Another vulnerable part of your flashing is the edge where it meets the roof. The edge of the flashing is usually sealed with rubber sealant. Years of sun and changing temperatures can cause it to dry and crack. Those cracks can allow water through, which eventually becomes a leak.

#3. Your Roofing Nails are Coming Loose

Most shingle is attached to your roof with a combination of nails and adhesive. Usually, the nails are a great way to keep your shingles firmly attached to the decking beneath. But over time some nails can start to back out. As a nail backs out, it can leave a tiny space for water to get in. If the nail comes out completely, it can leave an even larger hole. If water is getting under your shingles because of loose nails, it can start to eat away at the underlayment beneath the shingles.

As with most leaks, you don’t notice the leak when the water first gets past the shingles. Instead, the leak has a long way to go and a long path of destruction before it hits your living room. First, the water will hit the underlayment. This is a layer of tar-impregnated felt or a similar synthetic material. It forms an extra weather barrier, but water can eventually damage it enough to create a hole. From there, the water will hit your roof decking. The decking is almost always plywood and is susceptible to water damage. Water may also flow along the deck until it finds an easier way into your house. Once water has penetrated the decking and made it into your attic, a leak is sure to follow. The water will drip into your attic or follow beams and pipes to the lowest possible point, where it will pool and drip. You’ll only notice the leak once the water has pooled and dripped enough to start coming through your ceiling.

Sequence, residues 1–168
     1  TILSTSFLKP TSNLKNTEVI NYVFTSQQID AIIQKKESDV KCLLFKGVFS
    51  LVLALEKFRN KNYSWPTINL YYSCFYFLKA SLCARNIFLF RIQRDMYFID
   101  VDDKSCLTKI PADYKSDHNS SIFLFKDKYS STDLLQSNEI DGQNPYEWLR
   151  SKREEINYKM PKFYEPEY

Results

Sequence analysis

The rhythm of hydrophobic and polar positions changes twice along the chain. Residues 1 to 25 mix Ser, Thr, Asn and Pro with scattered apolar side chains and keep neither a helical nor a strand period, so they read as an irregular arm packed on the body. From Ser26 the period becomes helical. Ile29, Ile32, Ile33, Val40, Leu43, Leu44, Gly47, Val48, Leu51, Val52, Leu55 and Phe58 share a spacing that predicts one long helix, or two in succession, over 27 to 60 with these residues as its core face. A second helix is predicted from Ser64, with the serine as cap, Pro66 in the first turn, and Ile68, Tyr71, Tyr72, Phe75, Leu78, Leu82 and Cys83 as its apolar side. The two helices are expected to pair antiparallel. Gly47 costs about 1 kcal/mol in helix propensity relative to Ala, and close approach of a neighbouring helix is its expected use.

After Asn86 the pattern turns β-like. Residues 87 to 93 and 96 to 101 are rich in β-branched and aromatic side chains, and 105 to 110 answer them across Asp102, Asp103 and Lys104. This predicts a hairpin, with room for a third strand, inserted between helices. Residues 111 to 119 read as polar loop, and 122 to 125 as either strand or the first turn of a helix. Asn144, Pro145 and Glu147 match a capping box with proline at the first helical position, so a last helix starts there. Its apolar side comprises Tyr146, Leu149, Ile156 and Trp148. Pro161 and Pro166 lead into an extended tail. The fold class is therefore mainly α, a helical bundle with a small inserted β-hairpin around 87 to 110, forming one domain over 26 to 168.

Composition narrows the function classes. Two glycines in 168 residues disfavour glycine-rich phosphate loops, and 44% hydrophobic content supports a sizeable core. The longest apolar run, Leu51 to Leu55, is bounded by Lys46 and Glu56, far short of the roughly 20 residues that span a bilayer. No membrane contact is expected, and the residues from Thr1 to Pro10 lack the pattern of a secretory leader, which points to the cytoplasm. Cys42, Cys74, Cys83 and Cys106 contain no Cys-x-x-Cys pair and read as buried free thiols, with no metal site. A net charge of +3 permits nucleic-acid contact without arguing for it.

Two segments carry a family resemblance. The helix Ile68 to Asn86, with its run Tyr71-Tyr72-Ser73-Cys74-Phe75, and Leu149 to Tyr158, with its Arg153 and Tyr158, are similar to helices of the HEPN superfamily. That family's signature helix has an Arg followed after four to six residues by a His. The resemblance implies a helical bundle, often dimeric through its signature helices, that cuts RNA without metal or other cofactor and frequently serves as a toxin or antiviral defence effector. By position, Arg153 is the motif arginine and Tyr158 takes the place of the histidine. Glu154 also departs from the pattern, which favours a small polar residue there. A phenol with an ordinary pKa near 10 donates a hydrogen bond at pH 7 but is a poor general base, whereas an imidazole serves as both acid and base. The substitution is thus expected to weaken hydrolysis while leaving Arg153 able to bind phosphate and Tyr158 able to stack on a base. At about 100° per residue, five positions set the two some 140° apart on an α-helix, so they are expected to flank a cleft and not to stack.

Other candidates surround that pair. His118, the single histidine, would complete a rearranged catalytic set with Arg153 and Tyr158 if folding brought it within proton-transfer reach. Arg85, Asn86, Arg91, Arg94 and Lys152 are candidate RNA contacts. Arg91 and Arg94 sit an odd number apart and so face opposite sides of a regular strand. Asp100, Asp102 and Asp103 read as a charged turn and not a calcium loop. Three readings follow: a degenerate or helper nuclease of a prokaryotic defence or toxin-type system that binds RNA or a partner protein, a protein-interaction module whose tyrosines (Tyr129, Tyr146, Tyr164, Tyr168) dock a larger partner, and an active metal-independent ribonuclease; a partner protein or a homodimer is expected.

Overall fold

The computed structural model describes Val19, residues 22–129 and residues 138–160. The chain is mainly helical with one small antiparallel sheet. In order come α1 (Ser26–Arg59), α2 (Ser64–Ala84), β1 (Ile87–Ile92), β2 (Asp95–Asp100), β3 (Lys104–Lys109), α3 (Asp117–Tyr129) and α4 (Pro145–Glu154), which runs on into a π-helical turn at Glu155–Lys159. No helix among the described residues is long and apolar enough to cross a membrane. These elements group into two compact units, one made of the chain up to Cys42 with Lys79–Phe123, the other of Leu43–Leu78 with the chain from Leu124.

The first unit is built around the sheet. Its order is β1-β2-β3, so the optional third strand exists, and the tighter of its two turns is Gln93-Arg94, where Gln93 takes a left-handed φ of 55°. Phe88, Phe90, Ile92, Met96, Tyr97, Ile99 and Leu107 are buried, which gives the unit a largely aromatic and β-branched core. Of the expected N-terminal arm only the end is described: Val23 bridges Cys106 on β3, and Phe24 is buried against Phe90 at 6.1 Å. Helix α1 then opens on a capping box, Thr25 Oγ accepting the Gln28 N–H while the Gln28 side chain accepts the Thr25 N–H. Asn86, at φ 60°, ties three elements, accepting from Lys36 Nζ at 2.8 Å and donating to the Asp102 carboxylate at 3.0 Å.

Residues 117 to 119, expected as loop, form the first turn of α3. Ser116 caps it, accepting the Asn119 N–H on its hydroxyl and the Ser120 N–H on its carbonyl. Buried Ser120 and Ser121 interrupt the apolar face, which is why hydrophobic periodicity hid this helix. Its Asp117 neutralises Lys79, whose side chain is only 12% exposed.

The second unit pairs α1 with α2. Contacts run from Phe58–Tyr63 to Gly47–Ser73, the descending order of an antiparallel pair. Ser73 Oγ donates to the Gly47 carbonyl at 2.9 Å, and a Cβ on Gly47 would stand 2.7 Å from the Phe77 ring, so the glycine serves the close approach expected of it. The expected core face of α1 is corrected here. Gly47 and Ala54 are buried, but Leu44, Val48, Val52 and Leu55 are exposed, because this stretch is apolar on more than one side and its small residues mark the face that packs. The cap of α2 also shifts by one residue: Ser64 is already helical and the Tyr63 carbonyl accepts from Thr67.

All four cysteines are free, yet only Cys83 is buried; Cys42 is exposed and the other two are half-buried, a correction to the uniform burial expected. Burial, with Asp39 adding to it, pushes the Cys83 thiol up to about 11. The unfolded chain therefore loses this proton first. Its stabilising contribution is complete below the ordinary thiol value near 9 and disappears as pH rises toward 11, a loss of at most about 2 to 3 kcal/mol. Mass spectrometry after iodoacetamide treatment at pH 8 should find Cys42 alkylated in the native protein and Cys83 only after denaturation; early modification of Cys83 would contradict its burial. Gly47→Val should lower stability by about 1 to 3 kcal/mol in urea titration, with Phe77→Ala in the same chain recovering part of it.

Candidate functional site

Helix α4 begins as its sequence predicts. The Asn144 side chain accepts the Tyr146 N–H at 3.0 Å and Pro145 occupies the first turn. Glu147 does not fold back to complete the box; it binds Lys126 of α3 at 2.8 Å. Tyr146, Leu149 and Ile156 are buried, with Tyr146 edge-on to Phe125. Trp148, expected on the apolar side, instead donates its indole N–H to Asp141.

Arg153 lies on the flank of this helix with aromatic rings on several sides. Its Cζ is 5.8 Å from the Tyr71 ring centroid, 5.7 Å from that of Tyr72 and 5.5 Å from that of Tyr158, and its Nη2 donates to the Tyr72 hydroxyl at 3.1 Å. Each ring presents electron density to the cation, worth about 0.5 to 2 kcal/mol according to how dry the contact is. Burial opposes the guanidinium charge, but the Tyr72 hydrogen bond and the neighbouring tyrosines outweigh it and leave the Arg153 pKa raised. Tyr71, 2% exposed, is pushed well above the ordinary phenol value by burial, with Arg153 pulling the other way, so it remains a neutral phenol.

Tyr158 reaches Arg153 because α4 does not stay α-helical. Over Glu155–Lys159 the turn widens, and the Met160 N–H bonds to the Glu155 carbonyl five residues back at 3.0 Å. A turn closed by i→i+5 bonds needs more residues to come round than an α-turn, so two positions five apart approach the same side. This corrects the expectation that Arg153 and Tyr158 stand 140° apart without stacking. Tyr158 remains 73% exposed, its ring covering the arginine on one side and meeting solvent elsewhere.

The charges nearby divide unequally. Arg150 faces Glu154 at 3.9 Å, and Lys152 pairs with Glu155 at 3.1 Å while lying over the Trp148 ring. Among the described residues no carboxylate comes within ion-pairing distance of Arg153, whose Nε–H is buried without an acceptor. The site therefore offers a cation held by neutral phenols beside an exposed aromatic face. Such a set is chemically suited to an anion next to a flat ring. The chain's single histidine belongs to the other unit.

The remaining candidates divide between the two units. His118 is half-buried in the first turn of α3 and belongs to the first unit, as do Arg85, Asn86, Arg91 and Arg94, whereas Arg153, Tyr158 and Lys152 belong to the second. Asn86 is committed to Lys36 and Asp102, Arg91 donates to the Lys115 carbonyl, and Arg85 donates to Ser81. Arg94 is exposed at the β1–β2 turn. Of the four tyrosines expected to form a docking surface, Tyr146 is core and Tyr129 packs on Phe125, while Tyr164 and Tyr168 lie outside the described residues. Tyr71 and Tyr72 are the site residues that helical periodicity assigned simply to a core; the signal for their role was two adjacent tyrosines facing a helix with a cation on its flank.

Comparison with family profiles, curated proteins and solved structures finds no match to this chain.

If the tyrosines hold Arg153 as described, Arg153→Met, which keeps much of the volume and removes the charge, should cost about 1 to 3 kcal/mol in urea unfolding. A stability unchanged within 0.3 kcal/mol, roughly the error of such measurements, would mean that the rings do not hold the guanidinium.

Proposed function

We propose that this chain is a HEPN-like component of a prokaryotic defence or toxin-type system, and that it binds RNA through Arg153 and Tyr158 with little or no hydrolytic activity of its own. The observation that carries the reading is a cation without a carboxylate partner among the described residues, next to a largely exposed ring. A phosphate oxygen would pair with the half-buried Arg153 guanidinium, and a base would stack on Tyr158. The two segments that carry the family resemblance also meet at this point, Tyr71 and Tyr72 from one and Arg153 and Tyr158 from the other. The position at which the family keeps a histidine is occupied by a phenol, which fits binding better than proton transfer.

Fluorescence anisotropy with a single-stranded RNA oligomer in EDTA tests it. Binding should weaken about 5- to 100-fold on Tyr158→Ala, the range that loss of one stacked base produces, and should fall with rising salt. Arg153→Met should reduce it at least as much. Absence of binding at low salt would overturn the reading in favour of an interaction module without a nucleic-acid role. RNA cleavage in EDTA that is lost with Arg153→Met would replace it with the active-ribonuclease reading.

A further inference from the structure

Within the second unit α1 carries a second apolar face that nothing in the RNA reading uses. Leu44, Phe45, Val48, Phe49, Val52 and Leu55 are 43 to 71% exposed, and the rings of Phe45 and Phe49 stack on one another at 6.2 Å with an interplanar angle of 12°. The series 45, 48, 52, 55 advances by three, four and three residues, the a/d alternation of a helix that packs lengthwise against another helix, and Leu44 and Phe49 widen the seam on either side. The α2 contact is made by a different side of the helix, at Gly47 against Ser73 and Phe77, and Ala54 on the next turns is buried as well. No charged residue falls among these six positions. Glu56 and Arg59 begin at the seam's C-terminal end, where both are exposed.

#4. Your Chimney is Cracked

A fireplace is a great addition to any home. It can keep you warm in the winter and provides a great focal point for whichever room it is in. But, like the rest of your house, chimneys age and can be damaged over time. One common cause of chimney damage is shifting due to the house settling. Older homes can settle quite a bit. You may notice that parts of your floor are not even or walls are separating slightly. A little settling over the years is usually unavoidable. But a chimney made of brick doesn’t have a lot of give. If your house shifts, the chimney can become cracked, giving water a way into your house. The water may not actually come in through your fireplace, though. It is possible that the water will get in and then flow to another point in the house.

Brick chimneys are also built with mortar, which can weaken as it ages. Some mortar can develop small pits where the mortar is eaten away by years of weather. If a pit becomes large and deep enough, it can be another point for water to enter the home.

What to Do When Your Roof Leaks

If your roof is leaking, don’t wait to get it taken care of. A leaking roof if just the tip of the iceberg. By the time water gets to the interior of your home, there is a lot of damage behind it. The longer you wait, the worse the damage will be and the more expensive it will be to repair. The first thing you should do it bring in a trusted roofer to do a full inspection. You can find a TrustDALE certified roofer in your area here.

A roofer will take stock of your roof and determine the source of the leak. Once the roofer finds the source of the leak, they can provide you with options for repair. If the damage isn’t very widespread, a simple fix may be possible. If the damage is worse, you may need a full replacement. But without a reliable inspection, there is no way to know the extent of the damage. Once you know the damage, a reliable TrustDALE certified roofer can help you decide the best path forward. And when you use TrustDALE certified roofers, you can rest assured that you have the best service and highly competitive pricing.